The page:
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LANDSTUHL, Germany — A team of doctors and nurses from Landstuhl Regional Medical Center used a revolutionary device during a recent medevac mission to save the life of a British soldier wounded in Afghanistan.
The 19-year-old soldier, whose name was not released, lost his right lung and suffered a damaged liver when he was shot July 25 near Camp Bastion, a British base in Helmand province. Within hours of getting the call, the LRMC Lung Rescue Team was bound for Afghanistan.
It took more than 200 pints of blood — and the use of a German-made device called the Novalung — to keep the soldier alive.
The Novalung works like a temporary lung by filtering out carbon dioxide from a patient’s blood and oxygenating it. To use the device, a physician reroutes blood flow from a patient’s major vessels through the box by tapping the femoral artery and vein in the upper thighs. As blood flows from one leg into the box, it passes through a filter that leeches off the carbon dioxide and infuses the cells with oxygen, mimicking the trade-off that should take place in the lungs. The blood then goes back into the system through the other leg, refreshed.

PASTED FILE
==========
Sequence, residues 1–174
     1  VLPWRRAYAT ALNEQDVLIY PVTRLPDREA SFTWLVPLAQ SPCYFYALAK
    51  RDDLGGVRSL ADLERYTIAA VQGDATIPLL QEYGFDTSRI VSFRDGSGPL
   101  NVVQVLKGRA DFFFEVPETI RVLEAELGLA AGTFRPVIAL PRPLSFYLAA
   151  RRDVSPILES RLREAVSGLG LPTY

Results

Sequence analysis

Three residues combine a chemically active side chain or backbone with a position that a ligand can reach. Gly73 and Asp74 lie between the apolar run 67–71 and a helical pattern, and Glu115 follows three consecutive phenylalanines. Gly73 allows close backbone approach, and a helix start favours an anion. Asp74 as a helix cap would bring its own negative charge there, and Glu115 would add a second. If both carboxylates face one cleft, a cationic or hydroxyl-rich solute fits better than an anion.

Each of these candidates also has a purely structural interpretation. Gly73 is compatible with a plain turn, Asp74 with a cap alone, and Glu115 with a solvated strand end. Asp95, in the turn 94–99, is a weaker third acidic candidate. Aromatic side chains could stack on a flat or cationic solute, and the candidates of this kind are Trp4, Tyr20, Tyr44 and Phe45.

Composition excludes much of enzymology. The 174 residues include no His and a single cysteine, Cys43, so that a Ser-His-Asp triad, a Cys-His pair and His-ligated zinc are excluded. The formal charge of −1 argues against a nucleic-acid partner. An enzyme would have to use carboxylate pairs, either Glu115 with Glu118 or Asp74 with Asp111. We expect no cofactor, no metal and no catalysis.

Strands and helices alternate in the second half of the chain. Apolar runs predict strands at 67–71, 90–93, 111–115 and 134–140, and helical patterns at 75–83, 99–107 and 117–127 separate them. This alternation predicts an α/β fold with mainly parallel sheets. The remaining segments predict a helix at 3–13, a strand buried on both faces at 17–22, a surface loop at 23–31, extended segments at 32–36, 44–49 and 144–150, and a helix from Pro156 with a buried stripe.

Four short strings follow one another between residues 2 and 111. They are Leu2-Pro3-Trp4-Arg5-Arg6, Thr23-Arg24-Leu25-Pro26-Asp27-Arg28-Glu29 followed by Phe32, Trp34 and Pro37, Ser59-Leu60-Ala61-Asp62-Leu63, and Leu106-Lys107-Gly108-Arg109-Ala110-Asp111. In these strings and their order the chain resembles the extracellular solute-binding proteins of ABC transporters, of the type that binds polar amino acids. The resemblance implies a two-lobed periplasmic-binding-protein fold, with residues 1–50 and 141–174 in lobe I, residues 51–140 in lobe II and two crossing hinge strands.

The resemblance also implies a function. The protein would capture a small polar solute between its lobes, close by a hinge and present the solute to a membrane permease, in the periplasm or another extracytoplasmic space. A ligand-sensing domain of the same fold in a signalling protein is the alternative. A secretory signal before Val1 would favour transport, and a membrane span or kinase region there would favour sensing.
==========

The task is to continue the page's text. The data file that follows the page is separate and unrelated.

The Novalung is unlike other equipment or treatment used by the Lung Rescue Team because it has not yet been approved by the U.S. Food and Drug Administration. Each time the team uses the device, it has to report it to the FDA.
Novalung is in the process of getting FDA approval.
“We are preparing for clinical trials to get it approved in the United States,” said Nicholas Strout, Novalung’s global vice president of sales and marketing. “It will confirm that this is safe and effective. The trials will probably start early next year and could take six to 12 months.”
Strout said he was on his way to the U.S. on Wednesday to meet with a company that conducts clinical trials. Novalungs have been used more than 5,000 times safely, he said.